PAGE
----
Pop, fizz and bang: a pulsating finale of Milan-Sanremo

Multiple dice were rolled, and multiple actors fired a bullet. But in the end, it took a photo finish to settle a breathtaking race

He’s gone, television viewers screamed. That’s it, the elastic’s snapped, game over. Except it never was. On none of the multiple attacks that took place inside a pulsating final hour of racing at Milan-Sanremo, did any of them stick and last to the finish.  

Tadej Pogačar, the race favourite and two weeks on from his Strade Bianche masterpiece, hesitated on the Cipressa, but tried once and tried again on the Poggio. Usually, the Slovenian just needs one throw of the dice, but on both, he was unable to dislodge his rivals. It seems that it’s not always as easy as a PlayStation game.

Mathieu van der Poel, a winner in the season’s first Monument just 12 months ago, marshalled Pogačar like a bodyguard looking for a pay rise from an observing boss, always attentive to a fuse being lit, and always ready to counter-attack. 

Matej Mohorič, the masterful descender, tried to get away a few kilometres down the Poggio’s twisting road from where he famously attacked to win in 2022. Tom Pidcock, the Slovenian’s great descending adversary, jumped clear on the Via Roma, he and Matteo Sobrero of Bora-Hansgrohe intent on foiling the approaching sprinters.

Each and every move looked like being the decisive one, the moment where this most breathtaking of finales would finally climax. But they never were. Not quite lurking at the back, but hanging onto the aforementioned players by their coat tails at times, were a selection of sprinters, that species of bike riders who once dominated this marathon race but in recent years have been sidelined by the do-it-all superstars.

There was Mads Pedersen, in the form of his career. So too was there Michael Matthews, a performer in the same mould as Pedersen, and also Jasper Philipsen, undoubtedly the fastest sprinter of them all.

Image by Getty Images

For the trio to have their shootout, though, they needed the escaping Pidcock and Sobrero to be caught. Cue Van der Poel: sacrificing his own chances to aid teammate Jasper Philipsen, the rainbow jersey dragged back the pair, allowing the three fast men to come through and settle the most intriguing of contests. 

Mads Pedersen went first, backed by his long-time companion and another former winner of this race, Jasper Stuyven, but he faded as the line approached. It paved the way for Philipsen and Matthews to provide the denouement. It needed a photo finish camera to write the final settlement, though, and when it did, it confirmed the former and not the latter as the victor, Philipsen’s maiden Monument triumph. Michael Matthews, a podium finisher at this race for a third time, must wonder if he’ll ever be able to conquer this beast. So too will Pogačar, who impressively, but not surprisingly given he is Tadej Pogačar, came through for third.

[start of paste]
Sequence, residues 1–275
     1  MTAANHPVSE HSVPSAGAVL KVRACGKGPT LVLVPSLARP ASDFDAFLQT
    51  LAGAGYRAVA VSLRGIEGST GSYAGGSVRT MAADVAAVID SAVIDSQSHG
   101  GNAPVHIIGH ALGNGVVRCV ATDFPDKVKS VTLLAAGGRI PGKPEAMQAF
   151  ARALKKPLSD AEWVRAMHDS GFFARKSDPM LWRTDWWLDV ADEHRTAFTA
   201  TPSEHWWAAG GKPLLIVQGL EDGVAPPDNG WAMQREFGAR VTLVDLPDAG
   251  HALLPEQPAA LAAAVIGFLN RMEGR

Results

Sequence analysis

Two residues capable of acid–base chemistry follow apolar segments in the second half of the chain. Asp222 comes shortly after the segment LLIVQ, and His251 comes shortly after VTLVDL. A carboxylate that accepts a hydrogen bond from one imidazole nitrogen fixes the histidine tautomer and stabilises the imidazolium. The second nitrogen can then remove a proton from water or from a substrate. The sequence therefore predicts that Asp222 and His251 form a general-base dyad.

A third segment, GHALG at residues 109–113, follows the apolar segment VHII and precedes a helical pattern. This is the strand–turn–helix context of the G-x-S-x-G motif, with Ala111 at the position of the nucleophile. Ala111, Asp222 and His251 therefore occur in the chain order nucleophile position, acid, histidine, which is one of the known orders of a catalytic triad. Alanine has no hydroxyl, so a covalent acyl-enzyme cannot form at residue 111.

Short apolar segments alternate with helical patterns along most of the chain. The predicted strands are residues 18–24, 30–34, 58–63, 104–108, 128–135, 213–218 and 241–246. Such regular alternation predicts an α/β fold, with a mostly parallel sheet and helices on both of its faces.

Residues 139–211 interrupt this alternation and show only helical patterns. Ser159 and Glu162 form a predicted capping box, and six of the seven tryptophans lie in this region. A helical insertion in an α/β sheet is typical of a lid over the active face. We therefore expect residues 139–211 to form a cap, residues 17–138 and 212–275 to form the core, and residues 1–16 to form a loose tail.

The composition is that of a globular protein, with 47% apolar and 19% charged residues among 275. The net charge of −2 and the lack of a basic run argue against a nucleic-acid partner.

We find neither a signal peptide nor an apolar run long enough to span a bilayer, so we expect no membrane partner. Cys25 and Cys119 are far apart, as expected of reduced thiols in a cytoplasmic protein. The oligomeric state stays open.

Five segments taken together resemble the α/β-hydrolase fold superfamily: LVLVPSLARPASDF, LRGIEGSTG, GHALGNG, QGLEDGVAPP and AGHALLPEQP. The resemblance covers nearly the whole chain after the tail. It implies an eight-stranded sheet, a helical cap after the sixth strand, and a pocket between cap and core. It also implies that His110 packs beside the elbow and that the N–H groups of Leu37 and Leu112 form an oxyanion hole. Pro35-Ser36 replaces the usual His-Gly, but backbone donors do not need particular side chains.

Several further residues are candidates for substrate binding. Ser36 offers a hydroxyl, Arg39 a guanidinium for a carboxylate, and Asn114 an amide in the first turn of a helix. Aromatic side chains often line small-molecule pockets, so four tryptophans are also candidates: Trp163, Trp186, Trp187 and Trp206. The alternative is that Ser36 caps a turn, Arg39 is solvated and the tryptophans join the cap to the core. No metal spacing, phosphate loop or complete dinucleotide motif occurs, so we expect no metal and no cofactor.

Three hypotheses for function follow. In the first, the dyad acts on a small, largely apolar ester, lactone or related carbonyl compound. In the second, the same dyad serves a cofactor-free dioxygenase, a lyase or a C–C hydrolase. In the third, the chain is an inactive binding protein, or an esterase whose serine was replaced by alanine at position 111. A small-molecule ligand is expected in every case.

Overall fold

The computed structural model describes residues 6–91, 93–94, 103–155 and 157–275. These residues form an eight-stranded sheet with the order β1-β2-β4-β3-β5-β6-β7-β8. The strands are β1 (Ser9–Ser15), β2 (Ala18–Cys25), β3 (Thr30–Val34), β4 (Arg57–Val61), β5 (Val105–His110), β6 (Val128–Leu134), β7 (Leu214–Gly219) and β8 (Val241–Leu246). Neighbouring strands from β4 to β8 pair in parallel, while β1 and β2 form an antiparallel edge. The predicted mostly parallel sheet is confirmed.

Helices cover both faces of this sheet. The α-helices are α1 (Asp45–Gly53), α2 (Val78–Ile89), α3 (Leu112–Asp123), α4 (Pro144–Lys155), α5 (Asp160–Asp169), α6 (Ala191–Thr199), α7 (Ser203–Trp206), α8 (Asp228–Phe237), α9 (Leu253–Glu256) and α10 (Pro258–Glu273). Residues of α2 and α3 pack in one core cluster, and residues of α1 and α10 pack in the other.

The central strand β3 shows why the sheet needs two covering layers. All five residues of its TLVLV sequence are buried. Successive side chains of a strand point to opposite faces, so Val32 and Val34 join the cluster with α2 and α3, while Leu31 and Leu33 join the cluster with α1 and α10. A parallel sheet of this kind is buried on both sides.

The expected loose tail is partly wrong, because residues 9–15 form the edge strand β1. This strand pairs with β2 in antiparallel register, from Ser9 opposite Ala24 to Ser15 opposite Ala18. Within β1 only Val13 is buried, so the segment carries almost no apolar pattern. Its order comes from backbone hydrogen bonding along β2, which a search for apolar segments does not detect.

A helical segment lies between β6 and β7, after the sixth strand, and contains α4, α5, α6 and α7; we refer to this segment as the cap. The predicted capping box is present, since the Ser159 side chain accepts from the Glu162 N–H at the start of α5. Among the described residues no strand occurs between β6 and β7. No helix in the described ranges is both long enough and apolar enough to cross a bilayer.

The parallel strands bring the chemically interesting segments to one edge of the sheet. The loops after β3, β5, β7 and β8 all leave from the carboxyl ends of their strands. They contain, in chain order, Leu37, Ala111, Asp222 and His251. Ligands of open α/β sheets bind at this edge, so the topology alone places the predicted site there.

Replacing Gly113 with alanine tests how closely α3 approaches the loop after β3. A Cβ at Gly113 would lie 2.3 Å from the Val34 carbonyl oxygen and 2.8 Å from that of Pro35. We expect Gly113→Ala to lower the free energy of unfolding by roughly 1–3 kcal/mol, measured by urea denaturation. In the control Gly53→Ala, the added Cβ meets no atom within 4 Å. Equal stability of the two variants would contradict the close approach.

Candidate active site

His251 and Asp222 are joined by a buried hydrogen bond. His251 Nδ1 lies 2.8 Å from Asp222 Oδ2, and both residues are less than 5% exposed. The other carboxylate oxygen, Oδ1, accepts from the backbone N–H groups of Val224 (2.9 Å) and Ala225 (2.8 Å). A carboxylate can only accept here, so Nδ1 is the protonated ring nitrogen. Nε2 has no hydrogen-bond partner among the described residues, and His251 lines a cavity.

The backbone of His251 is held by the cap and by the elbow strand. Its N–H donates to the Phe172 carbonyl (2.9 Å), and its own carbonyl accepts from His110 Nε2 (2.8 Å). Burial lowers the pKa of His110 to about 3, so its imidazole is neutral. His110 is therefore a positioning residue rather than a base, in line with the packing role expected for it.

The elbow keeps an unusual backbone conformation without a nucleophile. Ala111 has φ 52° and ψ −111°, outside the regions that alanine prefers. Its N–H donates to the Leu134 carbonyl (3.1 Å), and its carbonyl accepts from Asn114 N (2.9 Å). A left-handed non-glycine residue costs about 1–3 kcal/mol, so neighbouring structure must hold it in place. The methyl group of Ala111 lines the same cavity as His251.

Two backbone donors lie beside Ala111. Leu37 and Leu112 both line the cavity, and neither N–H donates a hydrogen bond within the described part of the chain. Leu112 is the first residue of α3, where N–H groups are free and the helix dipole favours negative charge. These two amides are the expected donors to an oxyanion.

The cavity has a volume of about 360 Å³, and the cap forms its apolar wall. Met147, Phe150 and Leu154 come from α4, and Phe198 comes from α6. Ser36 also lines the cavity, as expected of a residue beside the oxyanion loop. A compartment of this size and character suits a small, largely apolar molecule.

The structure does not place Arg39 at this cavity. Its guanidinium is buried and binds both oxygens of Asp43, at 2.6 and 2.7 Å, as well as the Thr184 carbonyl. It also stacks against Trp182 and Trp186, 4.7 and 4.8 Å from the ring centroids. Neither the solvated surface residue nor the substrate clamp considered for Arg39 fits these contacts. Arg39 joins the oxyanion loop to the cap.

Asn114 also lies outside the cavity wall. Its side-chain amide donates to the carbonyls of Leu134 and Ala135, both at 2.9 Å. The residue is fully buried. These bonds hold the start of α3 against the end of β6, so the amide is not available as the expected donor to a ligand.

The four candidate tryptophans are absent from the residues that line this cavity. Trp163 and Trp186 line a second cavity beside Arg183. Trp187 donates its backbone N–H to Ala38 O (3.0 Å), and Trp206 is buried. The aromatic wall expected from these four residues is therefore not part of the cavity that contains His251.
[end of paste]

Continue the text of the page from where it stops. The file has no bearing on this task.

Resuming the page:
Analysis will question the tactics of the big teams – especially UAE Team Emirates who spent most of their bullets on the Cipressa – but sometimes there’s a case to be made for not pouring over the details of the coulds, the woulds, and the shoulds, and instead enjoying and basking in the spectacle put on week after week by an extraordinary group of bike riders. 

This was the fastest ever edition of the iconic, historic and beautiful race, and there was also the fastest ever ascent of the often decisive Poggio (5-39). The top-10 counted Tour de France winners, world champions, and victors of cobbled Classics. In other words, two handfuls of Galáticos.

Few races attract such a varied cast of actors, and few races can prompt such a dizzying, suspenseful and tense final hour of racing. But for racing to be captivating, to stir the emotions, to get the viewer off their couch and onto their feet, bike racing needs effervescent bike riders who want to make the race go pop, fizz and bang.

We are blessed in this era to have cyclists who understand this glorious sport is a form of entertainment. And on the third Saturday in March, as winter begins to roll into spring, we were blessed once again by another remarkable race. 

TV viewers thought they had guessed the winner five, six or seven times, but they were never right, because charging through right at the death, further consolidating his title not just as a fastman but an all-rounder who can negotiate bumps in the road, was a 26-year-old Belgian man who is staking his claim as this extraordinary generation’s most turbo-charged and speediest man. As ever, Milan-Sanremo delivers, and for the 14th consecutive year, it’s a new winner on the podium - this one by the name of Jasper Philipsen. "It's incredible,” he beamed. “A Monument is something you dream of.”

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